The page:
Stage 4: Uptown Minneapolis Crit

We were all sore and tired, but we had almost a day to recover since this stage was so late in the day. My right leg was still shot, Jake was pretty beat up, and Tyler was pretty sore, so today’s goal was to just finish. I was really nervous because it started to rain and I didn’t want to crash anymore. I didn’t feel very good at first, but I started to move up half way through the race. Tyler crashed at some point, loosening his handlebars and causing them to slip. Liam was tearing it up, making moves off the front in his famous Rob Whittier jersey, the rarest xXx jersey of them all. Jake and I got stuck behind a crash and I chased back on. I made it, but blew my load. Jake played it safe and saved his legs by pulling the plug after making the time cut. Liam was our best finisher again at 13th. After a race, I don’t need no protein drink—I just have Aaron give me a cold beer. I try to enjoy the moment and give the crowd high fives.

Stage 5: North Mankato RR

It was a really hot day for a long road race with a huge climb mixed in. The race was actually pretty chill except when you hit the wall. I remember going past the KOM sign for the first time and going over a small little bump of a hill thinking “Man was that it? Where’s the hill?” Then we came up to a left hand turn which we all took pretty fast, and you couldn’t see what was around the corner. That’s when we came up to the wall, and it took everyone by surprise the first time. I just heard the sound of gears shifting and rear derailleur’s popping. At some point during the race, Tyler dropped his chain at the bottom of the climb and that was the last time I saw him. Going up the wall the last time was when the race really exploded. I was in a bad position, got gapped, and found myself in the second group. Me and two others chased and just got back on before the final circuit at the end of the stage, but I was dead. Finishing toward the back of the lead group, I ended up in 44th place. Our top finisher was again Liam in 15th place.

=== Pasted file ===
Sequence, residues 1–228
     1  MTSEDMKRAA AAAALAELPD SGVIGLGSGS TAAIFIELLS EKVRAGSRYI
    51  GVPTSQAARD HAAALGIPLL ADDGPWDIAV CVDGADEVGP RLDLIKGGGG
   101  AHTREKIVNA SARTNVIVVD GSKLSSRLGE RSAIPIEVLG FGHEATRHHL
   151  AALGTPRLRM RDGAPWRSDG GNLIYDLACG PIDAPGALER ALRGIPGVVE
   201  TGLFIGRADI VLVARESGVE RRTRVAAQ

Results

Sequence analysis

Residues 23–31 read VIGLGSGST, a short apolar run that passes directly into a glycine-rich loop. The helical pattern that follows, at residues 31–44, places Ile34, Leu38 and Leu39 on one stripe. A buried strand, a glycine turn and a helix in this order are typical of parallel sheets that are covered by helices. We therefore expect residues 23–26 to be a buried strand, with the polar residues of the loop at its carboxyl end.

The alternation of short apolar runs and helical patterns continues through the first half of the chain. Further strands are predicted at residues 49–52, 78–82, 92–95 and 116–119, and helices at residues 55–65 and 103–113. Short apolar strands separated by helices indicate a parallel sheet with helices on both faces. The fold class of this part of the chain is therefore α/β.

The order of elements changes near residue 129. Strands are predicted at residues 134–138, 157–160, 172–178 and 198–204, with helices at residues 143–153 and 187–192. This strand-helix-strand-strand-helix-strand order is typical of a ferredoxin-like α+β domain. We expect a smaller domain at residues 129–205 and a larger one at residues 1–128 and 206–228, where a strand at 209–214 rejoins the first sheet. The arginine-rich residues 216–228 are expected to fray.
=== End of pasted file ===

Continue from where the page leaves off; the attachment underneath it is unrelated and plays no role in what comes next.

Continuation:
Stage 6: Stillwater Crit

Stillwater, the queen stage, known as the toughest crit in the Midwest... but if you ask me it’s the toughest crit I’ve done in the U.S. This was it. We finally made it to the last stage. It was a 24 lap race and we started at the very base of the climb. I think it tops out at 23%. This stage is epic. People line the climb, heckle and cheer you on every time you’re on your way up. There were 111 people left out of 144 starters. I was just hoping to finish today’s stage and not get pulled. I remember the first time up being harder than it was last year and thinking “I can’t do this thing 23 more times.” After about 5 laps, half the field was gone and I found myself at the back struggling to hang on. Tyler at some point dropped his chain at the base of the climb. Man that guy has some bad luck, and I felt really bad. I remember going past with 14 to go completely dead. I made it to 10 to go and then I got dropped and pulled a lap later. I pulled off to the side where I was met by Aaron, Jake and Tyler. I was completely cracked. Aaron must know me pretty well because he handed me a cold beer. I found a little bit of shade, sat down and tried to collect my marbles. Took my shoes and helmet off, walked halfway up the climb and joined the rest of the spectators to watch the finish. I ended up finishing 48th and Liam ended up finishing without being pulled at 26th.

It was a great experience for xXx to have this opportunity to be a part of North Star. We didn’t do half bad, finishing 13th out of 26 teams. Hopefully this is the start of greater things to come.